6) Types of sentences
    Custodial (immediate or suspended term of imprisonment)
    Community – eg carry out between 40 and 300 hours unpaid work as 'Community Payback' etc
    Financial – fine and/or compensation order
    Conditional or absolute discharge



    TORT
    1) Proximity and fair just and reasonableness.
    is there proximity by space, time or relationship between claimant and defendant? Explained through cases such as Bourhill v Young, McLoughlin v O'Brien.
    is it fair, just and reasonable to impose a duty of care? Explained through cases such as Hill v Chief Constable of West Yorkshire, Mitchell v Glasgow City Council.

    2) Outline 2 risk factors of your choice.
    Brief explanation with cases of the meaning of any one risk factor and the effect that has on the standard of care, eg:
    special characteristics of the claimant – if known to the defendant to be more vulnerable, then higher standard expected – explained through a case such as Paris v Stepney BC
    the size of the risk – the reasonable man does not take care against minute risks, but does against big risks – explained through a case such as Bolton v Stone
    practical precautions – taking reasonable but not excessive precautions – explained through a case such as Latimer v AEC
    the benefits of taking the risk – emergencies and public utility – explained through a case such as Watt v Herts CC

    3) Res ipsa loquitur applied for both claims towards Raza and Martin(thanks Chichaldo)
    Brief explanation and application of the principle. This can include:
    recognition that proof of breach of duty normally rests with the claimant
    definition of res ipsa loquitur (the facts speak for themselves)
    res ipsa loquitur involves an obvious case of negligence
    description of test:
    the thing that causes the harm was wholly under the control of the defendant the accident would not have happened unless someone had been negligent there is no other explanation of the injury caused to the claimant.
    burden of proof shifts to the defendant. cases in support, eg Byrne v Boadle, Pearson v NW Gas Board, Mahon v Osborne, Scott v London and St Katherine’s Docks
    application to scenario I said Raza was in control as he fit the wheels, it was due to negligence as he fit the wheels and there was no other explanation so RIL applied. I said Michael was not in control of the wheel, it was not his negligence and the other explanation was Raza not fitting the wheel properly. So RIL applied to Raza but not to Martin.

    4) Damage and remoteness application
    Brief explanation of factual causation – but for the defendant's breach of duty, the consequence would not have occurred, e.g. Barnett v Chelsea & Kensington Hospital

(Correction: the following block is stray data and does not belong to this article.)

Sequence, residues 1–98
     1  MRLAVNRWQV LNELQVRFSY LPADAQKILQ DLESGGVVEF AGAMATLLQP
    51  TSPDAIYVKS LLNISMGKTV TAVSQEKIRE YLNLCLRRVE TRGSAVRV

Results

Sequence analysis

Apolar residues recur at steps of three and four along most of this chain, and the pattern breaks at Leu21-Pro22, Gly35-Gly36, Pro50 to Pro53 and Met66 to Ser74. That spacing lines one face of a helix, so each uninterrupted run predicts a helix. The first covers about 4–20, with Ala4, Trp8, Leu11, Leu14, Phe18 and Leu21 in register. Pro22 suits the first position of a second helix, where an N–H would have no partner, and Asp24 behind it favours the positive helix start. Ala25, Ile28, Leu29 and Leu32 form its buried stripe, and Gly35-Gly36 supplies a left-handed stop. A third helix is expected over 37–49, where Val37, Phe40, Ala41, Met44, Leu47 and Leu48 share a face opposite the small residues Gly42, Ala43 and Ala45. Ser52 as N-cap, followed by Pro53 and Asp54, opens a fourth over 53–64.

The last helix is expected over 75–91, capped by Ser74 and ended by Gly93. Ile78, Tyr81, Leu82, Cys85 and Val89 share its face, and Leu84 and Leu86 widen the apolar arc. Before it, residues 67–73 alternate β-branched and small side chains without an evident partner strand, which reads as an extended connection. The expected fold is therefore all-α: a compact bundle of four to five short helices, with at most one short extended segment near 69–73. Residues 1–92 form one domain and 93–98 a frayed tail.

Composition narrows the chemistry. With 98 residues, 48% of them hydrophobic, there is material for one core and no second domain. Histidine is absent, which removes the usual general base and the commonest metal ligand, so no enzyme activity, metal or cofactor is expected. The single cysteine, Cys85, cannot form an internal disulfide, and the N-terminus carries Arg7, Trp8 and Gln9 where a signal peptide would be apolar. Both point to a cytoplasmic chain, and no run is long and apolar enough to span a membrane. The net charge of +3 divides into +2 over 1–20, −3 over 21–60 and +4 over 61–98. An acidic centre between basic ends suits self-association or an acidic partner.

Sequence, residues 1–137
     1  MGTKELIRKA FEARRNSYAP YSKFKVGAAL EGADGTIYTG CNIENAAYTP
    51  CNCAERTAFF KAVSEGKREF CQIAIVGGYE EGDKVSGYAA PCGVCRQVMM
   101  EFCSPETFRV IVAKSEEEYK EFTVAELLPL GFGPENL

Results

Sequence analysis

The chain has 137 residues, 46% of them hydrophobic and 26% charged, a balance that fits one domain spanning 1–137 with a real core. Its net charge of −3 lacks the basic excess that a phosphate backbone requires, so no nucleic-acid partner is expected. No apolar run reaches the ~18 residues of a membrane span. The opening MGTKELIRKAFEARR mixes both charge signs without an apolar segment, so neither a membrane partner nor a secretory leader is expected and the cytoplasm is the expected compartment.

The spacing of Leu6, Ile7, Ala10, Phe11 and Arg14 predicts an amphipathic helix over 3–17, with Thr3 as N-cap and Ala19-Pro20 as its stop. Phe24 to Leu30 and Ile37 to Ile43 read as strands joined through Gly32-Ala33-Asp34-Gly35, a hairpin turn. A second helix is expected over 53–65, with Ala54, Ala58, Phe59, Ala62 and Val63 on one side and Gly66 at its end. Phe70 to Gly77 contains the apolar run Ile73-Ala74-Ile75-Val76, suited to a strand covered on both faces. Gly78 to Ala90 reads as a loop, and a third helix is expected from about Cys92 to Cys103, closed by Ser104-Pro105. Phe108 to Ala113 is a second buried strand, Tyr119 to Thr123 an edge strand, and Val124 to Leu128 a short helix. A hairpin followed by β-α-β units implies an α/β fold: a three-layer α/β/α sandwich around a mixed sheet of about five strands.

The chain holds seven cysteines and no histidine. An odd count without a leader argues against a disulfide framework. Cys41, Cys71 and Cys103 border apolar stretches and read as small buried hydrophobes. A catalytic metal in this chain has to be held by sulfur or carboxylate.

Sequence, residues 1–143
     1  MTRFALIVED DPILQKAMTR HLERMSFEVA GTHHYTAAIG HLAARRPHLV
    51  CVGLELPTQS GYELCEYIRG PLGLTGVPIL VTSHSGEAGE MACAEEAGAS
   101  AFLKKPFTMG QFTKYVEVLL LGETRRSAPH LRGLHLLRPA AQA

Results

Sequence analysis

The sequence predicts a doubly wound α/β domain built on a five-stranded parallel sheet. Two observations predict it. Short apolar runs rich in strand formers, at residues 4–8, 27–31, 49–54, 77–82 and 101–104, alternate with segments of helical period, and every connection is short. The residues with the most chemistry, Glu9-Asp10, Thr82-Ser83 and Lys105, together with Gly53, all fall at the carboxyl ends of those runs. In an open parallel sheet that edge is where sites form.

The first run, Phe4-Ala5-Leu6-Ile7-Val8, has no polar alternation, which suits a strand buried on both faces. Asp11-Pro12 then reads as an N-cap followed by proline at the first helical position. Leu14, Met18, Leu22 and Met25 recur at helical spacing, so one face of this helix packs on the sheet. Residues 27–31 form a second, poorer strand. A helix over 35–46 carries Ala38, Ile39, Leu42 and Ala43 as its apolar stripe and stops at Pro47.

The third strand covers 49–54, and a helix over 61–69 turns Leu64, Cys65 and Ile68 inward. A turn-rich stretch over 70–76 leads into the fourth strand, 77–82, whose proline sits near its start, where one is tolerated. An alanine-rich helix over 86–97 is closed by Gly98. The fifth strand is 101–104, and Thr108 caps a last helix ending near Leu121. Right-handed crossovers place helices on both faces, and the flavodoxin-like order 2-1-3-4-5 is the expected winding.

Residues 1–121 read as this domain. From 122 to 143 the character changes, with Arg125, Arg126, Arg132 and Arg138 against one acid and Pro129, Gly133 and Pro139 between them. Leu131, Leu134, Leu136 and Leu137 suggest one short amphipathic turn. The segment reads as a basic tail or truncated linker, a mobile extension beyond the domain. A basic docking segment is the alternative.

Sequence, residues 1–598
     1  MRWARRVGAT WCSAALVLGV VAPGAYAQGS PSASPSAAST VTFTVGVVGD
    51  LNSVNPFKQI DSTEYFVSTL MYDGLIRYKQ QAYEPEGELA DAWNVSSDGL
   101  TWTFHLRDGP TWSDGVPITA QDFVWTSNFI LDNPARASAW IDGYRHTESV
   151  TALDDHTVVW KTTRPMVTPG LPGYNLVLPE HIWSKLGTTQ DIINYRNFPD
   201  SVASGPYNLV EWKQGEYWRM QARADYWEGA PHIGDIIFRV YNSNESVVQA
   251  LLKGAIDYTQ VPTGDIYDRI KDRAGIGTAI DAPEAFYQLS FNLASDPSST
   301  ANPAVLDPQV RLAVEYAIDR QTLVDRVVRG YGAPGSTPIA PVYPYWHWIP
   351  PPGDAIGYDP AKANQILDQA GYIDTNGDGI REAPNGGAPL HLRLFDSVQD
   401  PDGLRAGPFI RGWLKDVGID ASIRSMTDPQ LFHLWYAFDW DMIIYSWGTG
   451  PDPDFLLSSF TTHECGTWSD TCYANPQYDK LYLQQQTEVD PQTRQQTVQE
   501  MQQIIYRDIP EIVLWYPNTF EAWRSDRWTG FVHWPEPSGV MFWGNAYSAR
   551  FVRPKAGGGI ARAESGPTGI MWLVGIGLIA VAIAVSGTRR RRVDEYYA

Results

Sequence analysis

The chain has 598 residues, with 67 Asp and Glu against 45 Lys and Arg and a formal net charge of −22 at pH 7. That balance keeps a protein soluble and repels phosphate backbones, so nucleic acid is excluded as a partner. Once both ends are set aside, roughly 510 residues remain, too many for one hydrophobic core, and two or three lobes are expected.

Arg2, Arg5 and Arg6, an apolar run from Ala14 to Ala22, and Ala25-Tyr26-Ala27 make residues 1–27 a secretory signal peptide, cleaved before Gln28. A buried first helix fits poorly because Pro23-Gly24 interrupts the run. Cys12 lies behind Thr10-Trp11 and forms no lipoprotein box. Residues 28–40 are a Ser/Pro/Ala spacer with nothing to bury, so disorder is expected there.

brief explanation of the meaning of remoteness of damage – reasonable foreseeability test, e.g. The Wagon Mound
    explanation of the effect that the kind of damage/method of damage has on remoteness, e.g. Doughty v Turner Manufacturing, Hughes v Lord Advocate, Bradford v Robinson Rentals.
    I said factual causation was present for both.
    I said the damage to Debbie's greenhouse and her injuries were foreseeable as a result of a wheel coming off the car and Martin's car repairs were forseeable so not too remote. I said despite the method of damage being unusual it is still forseeable.

    5)Outline the three-track case management system used in the civil courts and identify which track and which court would be used in any claim that Debbie could make against Raza
    Outline of tracks (small claims, fast and multi) + financial limits – Civil Procedure Act 1997
    Identification with respect to Debbie's claim, fast track for entire loss, (as over £1000 personal injury, but not likely to be complex), so in County Court.

    6) Outline how a court calculates an award of damages and briefly explain how the court would calculate an award of damages to Debbie and Martin.
    Outline explanation of the calculation of damages: general and special damages; pecuniary and non-pecuniary heads of damage (damage to property + expenses incurred, loss of future earnings, loss of amenity, pain and suffering, ‘tariff’ award based on the injury itself) mitigation structure of awards (lump sum or structured settlement).
    I said Debbie would receive general damages for any medical expenses which is pecuniary losses and for pain,suffering and loss of amenity as a result of her cut which is non-pecuniary. I said both Debbie and Martin would receive special damages for the damage to their property (greenhouse and car). I said they would both receive the damages in a lump sum as it is a small amount under the damages act 1996. They are both expected to mitigate their losses.



    If anyone has any edits or there are any errors please let me know and I will change it.


    Sorry people who do contract!! Maybe someone can PM a mark scheme for this.


    Thanks for all the rep!!!
    . Hey for the question regarding IPA and gorgon I put that John was guilty under the s47 offence against the person act is that okay: Ell it still count as a mark. Real worried
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    (Original post by Dinahiwo)
    . Hey for the question regarding IPA and gorgon I put that John was guilty under the s47 offence against the person act is that okay: Ell it still count as a mark. Real worried
    IPA?? Sorry dont know what that means? What did you miss off? the year?? Probably will as there is only one offences against the person act.
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    (Original post by new1234)
    IPA?? Sorry dont know what that means? What did you miss off? the year?? Probably will as there is only one offences against the person act.
    No I put Section 47 Offences Against ThePerson Act 1861 when defining assault and battery and Johns actus reuse and mens rea. Is that okay?x